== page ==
Page and Plant--"Please Read The Letter" (mp3)
Page and Plant--"When The World Was Young" (mp3)
Page and Plant--"House Of Love" (mp3)
Page and Plant--"Walking Into Clarksdale" (mp3)
Hey, I'm as happy as anyone that Robert Plant and Allison Kraus had such a good showing at the Emmys! I own their cd, and though I never listen to it, I appreciate the musicianship contained therein. I have even written with great eloquence in these pages about my experience at their concert here last April.
But, come on! "Please Read The Letter" gets the Grammy for Record Of The Year? That's a little hard to believe. It isn't even the most popular song on the album. And...........it isn't even the best version of the song.
There are a number of things wrong with the music business, and I'm in no mood to articulate all of them here. I'm certainly not cranked about the Grammys; I actually had a pretty good time watching what parts of it I watched. No complaints.
No, instead, I'm going to go in a direction that Billy first mentioned when we were putting this blog together in the first place. He suggested that we would be an alternative to "radio that was on an iron lung." A great metaphor, by the way.
Now, we all know what radio is like, so I don't need to go too far down that road.
Here's what surprised me. It was 1998. I was pretty close to the Class of '99, especially musically. I would battle with them about Phish (I was a late, late convert), mock them about their worship of Pink Floyd (a good, not great, band), and celebrate, of course, anything to do with Led Zeppelin. I was, am, and always will be a fan of that greatest of 70's bands.
But, anyway. So word came out in 1998 that the two remaining pillars of the House of Zeppelin--Page and Plant--would be putting a out a cd of new material. They were coming off of a triumphant largely-acoustic tour that culminated in the Unledded concert cd a year or two earlier. MTV's concept of "unplugged" concerts still entranced America.
So, the cd came out, I bought it, I loved it. It was an update of Led Zeppelin--you knew the songs were Page/Plant originals, but the sound was updated and stripped down, not the multitude of overdubs that you'd expect to hear on a Zeppelin album. It was the sound of a tight, touring band who go soft to loud efficiently.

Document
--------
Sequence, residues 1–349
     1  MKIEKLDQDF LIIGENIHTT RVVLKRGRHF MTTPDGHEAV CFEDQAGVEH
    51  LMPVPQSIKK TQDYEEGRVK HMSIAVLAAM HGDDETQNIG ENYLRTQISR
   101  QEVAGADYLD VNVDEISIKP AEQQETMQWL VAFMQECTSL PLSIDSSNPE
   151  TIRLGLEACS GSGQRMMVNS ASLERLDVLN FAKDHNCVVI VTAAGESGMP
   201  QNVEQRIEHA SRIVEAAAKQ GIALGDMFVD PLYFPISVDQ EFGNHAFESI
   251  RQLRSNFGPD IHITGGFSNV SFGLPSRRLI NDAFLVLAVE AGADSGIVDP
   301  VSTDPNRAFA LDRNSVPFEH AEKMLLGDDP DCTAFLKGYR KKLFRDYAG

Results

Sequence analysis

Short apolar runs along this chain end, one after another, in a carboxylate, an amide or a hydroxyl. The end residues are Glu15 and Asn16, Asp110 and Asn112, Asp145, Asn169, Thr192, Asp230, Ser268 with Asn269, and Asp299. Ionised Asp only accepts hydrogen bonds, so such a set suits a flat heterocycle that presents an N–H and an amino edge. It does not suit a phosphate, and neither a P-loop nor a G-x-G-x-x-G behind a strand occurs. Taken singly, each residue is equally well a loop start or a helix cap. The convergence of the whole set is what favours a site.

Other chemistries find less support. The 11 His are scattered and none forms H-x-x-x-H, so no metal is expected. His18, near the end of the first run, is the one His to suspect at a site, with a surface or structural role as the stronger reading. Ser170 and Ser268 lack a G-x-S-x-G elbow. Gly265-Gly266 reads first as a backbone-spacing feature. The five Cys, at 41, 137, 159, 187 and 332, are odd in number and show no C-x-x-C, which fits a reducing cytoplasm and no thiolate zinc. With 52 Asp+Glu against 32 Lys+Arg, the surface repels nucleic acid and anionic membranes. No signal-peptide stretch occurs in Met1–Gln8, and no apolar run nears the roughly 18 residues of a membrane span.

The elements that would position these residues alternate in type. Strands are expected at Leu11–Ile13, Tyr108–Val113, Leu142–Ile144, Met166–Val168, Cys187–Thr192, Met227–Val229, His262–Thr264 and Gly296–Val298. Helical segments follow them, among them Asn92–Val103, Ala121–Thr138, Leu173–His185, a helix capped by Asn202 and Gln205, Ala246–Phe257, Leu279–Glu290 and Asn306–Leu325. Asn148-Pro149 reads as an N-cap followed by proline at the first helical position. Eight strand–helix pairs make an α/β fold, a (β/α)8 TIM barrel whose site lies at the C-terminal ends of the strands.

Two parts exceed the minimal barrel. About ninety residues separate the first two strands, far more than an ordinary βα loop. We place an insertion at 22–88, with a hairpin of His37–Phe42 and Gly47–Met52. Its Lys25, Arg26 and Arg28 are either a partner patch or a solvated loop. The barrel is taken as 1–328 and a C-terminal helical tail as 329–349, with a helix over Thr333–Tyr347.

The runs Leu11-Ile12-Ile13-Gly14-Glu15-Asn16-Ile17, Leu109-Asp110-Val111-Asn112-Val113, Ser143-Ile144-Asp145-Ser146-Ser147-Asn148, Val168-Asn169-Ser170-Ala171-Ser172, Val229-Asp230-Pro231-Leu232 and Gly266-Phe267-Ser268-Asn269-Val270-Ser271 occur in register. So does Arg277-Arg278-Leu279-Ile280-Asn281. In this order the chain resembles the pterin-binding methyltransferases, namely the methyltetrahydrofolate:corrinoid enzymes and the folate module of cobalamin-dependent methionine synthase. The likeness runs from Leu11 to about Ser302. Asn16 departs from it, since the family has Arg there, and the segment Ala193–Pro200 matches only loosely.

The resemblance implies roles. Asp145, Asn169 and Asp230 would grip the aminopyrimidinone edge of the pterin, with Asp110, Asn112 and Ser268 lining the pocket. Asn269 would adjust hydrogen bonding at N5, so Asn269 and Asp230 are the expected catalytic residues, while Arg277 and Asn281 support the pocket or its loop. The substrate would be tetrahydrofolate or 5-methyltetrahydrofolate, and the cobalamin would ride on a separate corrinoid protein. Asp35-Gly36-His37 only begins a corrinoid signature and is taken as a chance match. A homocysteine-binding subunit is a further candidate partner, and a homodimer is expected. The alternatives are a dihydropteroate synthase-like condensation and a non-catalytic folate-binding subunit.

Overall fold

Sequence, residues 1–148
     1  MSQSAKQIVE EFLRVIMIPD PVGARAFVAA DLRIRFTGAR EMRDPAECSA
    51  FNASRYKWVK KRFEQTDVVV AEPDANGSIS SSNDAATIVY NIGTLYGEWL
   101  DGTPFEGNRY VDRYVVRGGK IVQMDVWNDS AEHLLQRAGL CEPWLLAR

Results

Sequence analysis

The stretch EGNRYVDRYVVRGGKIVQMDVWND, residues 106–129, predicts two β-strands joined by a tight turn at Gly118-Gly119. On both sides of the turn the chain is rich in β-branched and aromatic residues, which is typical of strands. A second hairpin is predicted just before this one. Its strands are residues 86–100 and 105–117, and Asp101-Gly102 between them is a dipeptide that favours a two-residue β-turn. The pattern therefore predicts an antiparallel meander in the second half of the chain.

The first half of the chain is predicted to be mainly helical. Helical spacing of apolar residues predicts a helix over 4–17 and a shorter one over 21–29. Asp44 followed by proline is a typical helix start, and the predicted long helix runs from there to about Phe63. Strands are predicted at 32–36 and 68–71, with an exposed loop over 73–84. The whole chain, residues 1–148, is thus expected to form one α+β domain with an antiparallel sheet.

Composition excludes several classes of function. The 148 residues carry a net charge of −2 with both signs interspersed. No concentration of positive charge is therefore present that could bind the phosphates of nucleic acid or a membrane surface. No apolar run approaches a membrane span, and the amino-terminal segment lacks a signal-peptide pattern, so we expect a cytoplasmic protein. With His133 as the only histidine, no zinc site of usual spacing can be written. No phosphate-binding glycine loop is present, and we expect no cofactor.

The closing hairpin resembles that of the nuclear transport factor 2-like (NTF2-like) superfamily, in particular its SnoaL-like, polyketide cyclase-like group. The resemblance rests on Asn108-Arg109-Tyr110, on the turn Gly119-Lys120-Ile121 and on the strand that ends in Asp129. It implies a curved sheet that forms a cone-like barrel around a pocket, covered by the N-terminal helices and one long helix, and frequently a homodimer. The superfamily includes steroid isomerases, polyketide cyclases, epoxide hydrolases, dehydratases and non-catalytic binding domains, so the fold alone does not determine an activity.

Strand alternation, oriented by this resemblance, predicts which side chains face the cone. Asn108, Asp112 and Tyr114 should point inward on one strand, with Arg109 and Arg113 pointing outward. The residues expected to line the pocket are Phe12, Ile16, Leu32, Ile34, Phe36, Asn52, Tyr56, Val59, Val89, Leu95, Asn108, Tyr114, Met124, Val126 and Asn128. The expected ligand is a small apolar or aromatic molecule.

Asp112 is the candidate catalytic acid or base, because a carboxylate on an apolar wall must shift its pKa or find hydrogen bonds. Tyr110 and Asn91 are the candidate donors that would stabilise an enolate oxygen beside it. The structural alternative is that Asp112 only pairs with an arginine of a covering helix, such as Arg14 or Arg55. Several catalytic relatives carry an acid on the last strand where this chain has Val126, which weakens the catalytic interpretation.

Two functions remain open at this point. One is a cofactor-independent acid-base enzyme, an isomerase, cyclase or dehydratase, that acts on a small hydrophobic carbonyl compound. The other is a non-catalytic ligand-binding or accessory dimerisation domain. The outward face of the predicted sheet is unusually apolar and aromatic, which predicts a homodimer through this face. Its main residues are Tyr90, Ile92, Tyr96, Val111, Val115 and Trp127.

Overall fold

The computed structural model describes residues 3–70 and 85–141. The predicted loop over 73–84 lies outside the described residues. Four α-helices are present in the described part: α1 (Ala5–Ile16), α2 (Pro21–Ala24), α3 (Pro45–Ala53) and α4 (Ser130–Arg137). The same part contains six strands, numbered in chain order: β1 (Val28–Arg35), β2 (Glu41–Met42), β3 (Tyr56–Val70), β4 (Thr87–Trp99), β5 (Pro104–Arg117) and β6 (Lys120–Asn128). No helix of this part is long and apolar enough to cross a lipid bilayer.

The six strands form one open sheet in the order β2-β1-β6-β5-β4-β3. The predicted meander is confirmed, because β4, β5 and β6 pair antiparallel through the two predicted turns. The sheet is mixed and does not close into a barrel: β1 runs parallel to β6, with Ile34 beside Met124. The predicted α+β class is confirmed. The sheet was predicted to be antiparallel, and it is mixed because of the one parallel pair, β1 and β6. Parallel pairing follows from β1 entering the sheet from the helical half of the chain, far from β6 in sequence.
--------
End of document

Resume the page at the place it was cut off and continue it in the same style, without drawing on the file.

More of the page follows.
The more I listened to it, the more I realized that there were a number of radio-friendly songs, even potential hits, songs like "Shining In The Light" and "Please Read The Letter," in particular. The former had the vibe of the Houses of the Holy/ Physical Graffiti era, a blend of acoustic guitars and synthesized strings; the latter sounded like classic Zeppelin, a pretty, melodic ballad with crunching guitars.
So, I started getting curious, wanting to know which songs would emerge as the radio classics. I tuned into the main rock stations in town and waited expectantly. Here were two of the giants of the '70's with a strong, relevant cd. But you know what they were playing on the radio? "Stairway To Heaven." After all, classic rock is classic rock, and rock stations must pretend that the 70's never ended. For the stations that played more contemporary rock, Page and Plant were no longer contemporary.
So, I think the album tanked. At the very least, it didn't bring many new Zeppelin lovers into the fold. And now, "Please Read The Letter" has new life with T-Bone Burnett's NPR-friendly guidance. If you want to hear the great guitarists of a generation--Page, Beck, Clapton (all Yardbirds, by the way)--and among the great guitarists of all time, these days, you've got to hear them on NPR. Same with Dylan and Young.
You've probably got access to the Plant/Kraus version of "Please Read The Letter," the Grammy winner. Give it a listen. It's good. Then click the arrow at the top of this post and hear the original. It's great.
Page and Plant's Walking Into Clarksdale is not available at Itunes.